The finale in Joachim Trier’s “Oslo Trilogy” follows a 30-year-old woman in the midst of an existential crisis as she navigates between career and romantic choices, and her own refusal to be defined — even by herself.
The Worst Person In The World
Julie (Renate Reinsve), the protagonist in Joachim Trier’s breathtaking The Worst Person In The World — the final film in a trilogy that also includes Reprise and Oslo, August 31st — is not what you’d call a committed person. When we first meet her, she’s on the cusp of her 30th birthday, about to switch her college major, and on the verge of leaving her long-term boyfriend. We soon learn that life-altering changes of heart are among the few constants in her life and, if she seems a tad frustrating at first, we soon come to admire her ornery resistance to being defined — even if that resistance costs her dearly.
A longtime TIFF favourite (Reprise won the Festival’s Discovery Award in 2006), Trier has a unique ability to capture the new possibilities of youth in all their head-spinning euphoria. A spur-of-the-moment visit to a potential new lover is as romantic and magical as anything you’ll see this year. Yet Trier always recognizes the short shelf life of this state of mind — and makes us recognize it, too. What makes Julie his most fascinating protagonist so far is her existential refusal to simply accept the situations presented to her. Her adamant independence suggests a spiritual descendance from Jeanne Moreau circa Jules and Jim, but she’s nothing if not her own person. Her struggle to discover herself is what makes the character so indelible.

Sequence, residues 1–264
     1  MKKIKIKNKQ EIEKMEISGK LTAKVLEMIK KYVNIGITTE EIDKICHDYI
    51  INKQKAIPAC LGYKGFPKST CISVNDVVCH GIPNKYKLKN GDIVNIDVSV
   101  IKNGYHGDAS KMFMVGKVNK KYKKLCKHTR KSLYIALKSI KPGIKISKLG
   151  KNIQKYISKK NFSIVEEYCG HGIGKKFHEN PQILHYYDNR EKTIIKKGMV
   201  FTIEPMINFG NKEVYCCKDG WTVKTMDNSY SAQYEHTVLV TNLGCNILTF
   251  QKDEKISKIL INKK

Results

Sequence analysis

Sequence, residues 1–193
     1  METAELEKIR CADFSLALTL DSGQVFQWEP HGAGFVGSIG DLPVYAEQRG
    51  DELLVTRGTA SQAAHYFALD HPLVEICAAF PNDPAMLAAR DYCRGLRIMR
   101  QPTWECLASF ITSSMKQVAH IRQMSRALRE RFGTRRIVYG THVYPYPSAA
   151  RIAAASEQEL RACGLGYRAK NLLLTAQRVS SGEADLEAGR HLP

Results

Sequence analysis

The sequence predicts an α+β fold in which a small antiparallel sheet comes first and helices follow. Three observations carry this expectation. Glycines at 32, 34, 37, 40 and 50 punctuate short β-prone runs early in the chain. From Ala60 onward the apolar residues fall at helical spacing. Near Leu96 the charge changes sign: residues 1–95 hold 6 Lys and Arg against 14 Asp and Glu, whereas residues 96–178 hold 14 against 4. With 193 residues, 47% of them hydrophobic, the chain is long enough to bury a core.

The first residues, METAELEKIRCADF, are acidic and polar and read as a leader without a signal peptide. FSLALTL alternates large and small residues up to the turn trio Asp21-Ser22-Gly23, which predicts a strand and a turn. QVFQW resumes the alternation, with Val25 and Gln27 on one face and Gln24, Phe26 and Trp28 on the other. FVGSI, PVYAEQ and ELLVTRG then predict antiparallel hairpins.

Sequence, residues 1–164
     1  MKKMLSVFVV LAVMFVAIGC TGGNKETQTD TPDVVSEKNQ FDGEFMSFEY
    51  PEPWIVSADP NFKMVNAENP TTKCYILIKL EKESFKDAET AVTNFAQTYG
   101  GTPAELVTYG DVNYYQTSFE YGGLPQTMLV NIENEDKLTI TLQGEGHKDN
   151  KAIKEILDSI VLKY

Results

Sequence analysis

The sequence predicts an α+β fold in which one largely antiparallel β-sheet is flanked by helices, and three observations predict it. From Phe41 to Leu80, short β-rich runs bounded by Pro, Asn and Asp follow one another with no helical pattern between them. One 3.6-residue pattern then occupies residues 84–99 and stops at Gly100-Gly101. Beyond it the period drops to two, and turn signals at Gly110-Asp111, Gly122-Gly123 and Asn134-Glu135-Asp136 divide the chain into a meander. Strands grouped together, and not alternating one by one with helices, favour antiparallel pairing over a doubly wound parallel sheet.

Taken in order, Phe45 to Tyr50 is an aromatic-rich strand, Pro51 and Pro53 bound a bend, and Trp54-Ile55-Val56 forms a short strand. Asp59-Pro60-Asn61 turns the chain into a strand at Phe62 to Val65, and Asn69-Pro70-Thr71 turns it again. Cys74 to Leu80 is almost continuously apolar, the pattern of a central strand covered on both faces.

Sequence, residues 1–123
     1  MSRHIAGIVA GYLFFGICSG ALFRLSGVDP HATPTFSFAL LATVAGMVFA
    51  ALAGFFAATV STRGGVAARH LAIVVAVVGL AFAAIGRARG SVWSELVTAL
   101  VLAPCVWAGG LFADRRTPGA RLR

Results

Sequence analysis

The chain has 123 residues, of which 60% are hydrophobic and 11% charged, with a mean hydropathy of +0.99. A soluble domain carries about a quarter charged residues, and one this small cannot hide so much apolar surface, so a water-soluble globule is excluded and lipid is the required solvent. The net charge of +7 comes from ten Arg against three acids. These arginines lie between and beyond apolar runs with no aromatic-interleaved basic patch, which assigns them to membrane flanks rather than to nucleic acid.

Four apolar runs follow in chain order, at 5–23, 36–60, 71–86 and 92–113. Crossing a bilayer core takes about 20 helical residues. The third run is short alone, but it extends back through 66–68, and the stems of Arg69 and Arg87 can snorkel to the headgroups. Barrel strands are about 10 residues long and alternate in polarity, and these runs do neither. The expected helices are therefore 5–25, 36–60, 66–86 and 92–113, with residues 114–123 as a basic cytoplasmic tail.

Trier is abetted by his usual brilliant collaborators, co-writer Eskil Vogt and actor Anders Danielsen Lie (also appearing in the Festival selection Bergman Island) as Julie’s most mercurial paramour, and the other members of his fine cast — especially the phenomenal Reinsve, who won Best Actress at this year’s Cannes Film Festival.
Content advisory: drug use, mature themes